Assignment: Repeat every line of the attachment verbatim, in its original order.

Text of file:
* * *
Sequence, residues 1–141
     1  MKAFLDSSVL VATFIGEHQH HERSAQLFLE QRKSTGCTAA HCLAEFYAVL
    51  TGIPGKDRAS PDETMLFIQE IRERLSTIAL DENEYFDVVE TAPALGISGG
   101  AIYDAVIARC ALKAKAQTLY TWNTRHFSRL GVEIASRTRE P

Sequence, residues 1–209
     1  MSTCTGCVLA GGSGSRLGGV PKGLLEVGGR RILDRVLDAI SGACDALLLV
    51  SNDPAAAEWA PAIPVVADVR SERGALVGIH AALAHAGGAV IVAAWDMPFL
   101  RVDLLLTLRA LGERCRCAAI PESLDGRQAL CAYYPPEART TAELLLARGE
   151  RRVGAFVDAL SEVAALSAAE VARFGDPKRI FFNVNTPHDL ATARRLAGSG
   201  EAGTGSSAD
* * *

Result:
Sequence, residues 1–141
     1  MKAFLDSSVL VATFIGEHQH HERSAQLFLE QRKSTGCTAA HCLAEFYAVL
    51  TGIPGKDRAS PDETMLFIQE IRERLSTIAL DENEYFDVVE TAPALGISGG
   101  AIYDAVIARC ALKAKAQTLY TWNTRHFSRL GVEIASRTRE P

Sequence, residues 1–209
     1  MSTCTGCVLA GGSGSRLGGV PKGLLEVGGR RILDRVLDAI SGACDALLLV
    51  SNDPAAAEWA PAIPVVADVR SERGALVGIH AALAHAGGAV IVAAWDMPFL
   101  RVDLLLTLRA LGERCRCAAI PESLDGRQAL CAYYPPEART TAELLLARGE
   151  RRVGAFVDAL SEVAALSAAE VARFGDPKRI FFNVNTPHDL ATARRLAGSG
   201  EAGTGSSAD